American law has always reflected an ambivalence towards gambling. Anti-gambling laws were common in colonial America, yet even in the Northeast where they were perhaps most numerous the lottery was a popular form of public finance. A majority of states continue to outlaw most forms of gambling, but most also continue to employ a lottery as a means of public finance and to allow several other forms of gambling as well.
Before the 1990s, individuals who wanted to place a casino- or sports-type bet in the United States basically had two choices: they could travel to a legitimate brick-and-mortar gaming establishment or place an illegal wager through a bookmaker. However, with the emergence of the Internet in the mid-1990s, a new form of gambling appeared — online gaming casinos and sports wagering. Internet gambling can take place on any electronic device that offers Internet access anywhere on the globe. The global legal framework for Internet gambling is a complicated mix of laws and regulations. In the United States, both federal and state statutes apply.
Gambling is generally regulated at the state level, with each state determining whether individuals can gamble within its borders and whether gaming businesses can legally operate there. Five states (Illinois, Louisiana, Nevada, Oregon, and South Dakota) have enacted laws that specifically prohibit certain aspects of Internet gambling, but laws in other states that prohibit some types of gambling activities generally apply to Internet gaming as well.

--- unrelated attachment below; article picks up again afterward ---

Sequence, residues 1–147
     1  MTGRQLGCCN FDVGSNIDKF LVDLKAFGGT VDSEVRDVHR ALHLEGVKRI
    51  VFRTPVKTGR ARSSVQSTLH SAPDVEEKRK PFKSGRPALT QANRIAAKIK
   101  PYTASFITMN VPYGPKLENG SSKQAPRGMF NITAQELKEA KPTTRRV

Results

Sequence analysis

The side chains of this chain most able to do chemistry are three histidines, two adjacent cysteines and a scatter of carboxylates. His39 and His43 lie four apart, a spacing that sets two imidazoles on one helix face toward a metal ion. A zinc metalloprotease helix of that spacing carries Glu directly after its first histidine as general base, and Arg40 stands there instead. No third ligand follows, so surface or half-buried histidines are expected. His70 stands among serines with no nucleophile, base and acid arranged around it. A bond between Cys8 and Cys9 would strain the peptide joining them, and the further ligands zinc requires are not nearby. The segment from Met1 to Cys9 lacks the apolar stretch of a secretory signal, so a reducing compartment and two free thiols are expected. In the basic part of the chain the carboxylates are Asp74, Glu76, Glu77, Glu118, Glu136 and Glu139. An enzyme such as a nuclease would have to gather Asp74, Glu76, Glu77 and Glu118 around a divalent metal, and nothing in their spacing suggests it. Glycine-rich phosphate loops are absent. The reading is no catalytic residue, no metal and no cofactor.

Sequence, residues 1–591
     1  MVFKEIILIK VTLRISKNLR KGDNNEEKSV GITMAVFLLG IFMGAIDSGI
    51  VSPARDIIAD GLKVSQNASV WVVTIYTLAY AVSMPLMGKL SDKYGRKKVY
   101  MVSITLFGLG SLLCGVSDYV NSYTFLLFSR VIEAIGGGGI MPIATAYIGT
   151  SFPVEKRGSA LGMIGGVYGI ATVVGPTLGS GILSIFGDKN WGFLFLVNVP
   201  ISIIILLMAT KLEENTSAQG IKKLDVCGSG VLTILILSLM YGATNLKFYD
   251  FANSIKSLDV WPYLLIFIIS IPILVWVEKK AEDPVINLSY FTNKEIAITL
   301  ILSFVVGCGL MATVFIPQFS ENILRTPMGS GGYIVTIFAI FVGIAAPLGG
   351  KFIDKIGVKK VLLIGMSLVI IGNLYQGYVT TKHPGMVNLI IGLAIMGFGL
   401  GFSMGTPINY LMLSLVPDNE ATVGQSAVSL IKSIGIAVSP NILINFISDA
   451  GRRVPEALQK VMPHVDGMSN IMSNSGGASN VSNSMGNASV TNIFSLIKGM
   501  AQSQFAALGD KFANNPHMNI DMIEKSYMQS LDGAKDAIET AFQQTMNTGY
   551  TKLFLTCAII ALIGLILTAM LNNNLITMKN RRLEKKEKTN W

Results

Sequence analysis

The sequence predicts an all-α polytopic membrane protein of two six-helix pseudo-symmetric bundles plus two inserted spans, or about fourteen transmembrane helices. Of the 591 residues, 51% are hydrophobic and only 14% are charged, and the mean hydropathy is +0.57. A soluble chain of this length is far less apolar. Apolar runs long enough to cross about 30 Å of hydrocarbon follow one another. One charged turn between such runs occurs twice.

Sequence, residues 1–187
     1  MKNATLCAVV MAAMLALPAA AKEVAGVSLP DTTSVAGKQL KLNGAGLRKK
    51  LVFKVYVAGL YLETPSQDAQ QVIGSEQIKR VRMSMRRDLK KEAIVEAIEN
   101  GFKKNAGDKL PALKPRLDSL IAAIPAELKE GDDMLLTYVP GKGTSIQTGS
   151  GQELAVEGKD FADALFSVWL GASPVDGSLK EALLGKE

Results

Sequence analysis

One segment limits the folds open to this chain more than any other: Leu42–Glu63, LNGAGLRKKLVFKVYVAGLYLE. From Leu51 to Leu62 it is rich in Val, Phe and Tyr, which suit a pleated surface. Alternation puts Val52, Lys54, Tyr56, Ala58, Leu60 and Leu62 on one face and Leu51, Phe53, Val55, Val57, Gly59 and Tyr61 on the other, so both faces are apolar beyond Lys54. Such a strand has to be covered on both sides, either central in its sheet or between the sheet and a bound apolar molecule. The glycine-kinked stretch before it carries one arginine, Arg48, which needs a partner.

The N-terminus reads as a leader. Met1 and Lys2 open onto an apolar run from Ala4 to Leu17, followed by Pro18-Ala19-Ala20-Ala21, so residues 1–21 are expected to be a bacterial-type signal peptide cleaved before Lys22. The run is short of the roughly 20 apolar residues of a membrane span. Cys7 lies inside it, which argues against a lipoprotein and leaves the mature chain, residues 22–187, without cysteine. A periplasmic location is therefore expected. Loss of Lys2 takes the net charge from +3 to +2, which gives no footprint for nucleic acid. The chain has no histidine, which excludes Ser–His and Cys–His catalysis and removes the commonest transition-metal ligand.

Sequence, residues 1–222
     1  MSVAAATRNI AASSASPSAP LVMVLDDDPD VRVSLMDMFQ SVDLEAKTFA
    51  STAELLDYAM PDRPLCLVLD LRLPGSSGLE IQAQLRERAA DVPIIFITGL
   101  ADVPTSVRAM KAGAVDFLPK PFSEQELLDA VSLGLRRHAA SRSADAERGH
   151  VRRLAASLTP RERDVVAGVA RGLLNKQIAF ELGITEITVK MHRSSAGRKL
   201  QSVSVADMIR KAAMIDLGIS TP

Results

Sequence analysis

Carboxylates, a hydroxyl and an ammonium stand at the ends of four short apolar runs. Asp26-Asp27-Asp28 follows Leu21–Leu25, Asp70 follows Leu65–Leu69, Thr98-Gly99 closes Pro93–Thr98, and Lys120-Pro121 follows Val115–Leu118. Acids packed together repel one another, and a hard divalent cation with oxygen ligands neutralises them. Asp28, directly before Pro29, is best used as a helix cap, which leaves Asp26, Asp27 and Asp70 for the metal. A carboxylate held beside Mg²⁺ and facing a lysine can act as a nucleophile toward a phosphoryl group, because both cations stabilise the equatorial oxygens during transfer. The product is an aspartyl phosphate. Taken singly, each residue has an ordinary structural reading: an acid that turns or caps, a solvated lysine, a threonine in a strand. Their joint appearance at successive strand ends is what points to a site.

For example, in states that prohibit all types of gambling, such as Utah, Internet gaming also would be illegal. In some states the status of Internet gambling is unclear, as laws may prohibit some types of gaming, but may not be interpreted as applying to Internet gambling.
Although gambling regulation is generally left to the states, the federal government has the authority, under the Commerce Clause of the Constitution, to regulate gambling activity that affects interstate commerce. Internet gambling falls into this category, as bets are generally placed at a personal computer in one state or country and received at a server in another state or country.
There are many federal gambling laws, most enacted to prevent unwelcome intrusions of interstate or international gambling into states where the activity in question has been outlawed. In some cases, Internet gambling is not much different than gambling by telephone — a bettor places his bet with a bookie using his computer and e-mail rather than using just his telephone. Gamblers have introduced features like proxy gambling, gambling for credit, and at least the claim of gambling in a virtual offshore gambling locale to induce bettors to believe they have overcome legal prohibitions. In fact, they have not. Nevertheless, enforcement may be uncertain.
Illicit Internet gambling implicates at least six federal criminal statutes. It is a federal crime to
- (1) conduct an illegal gambling business, 18 U.S.C. §1955;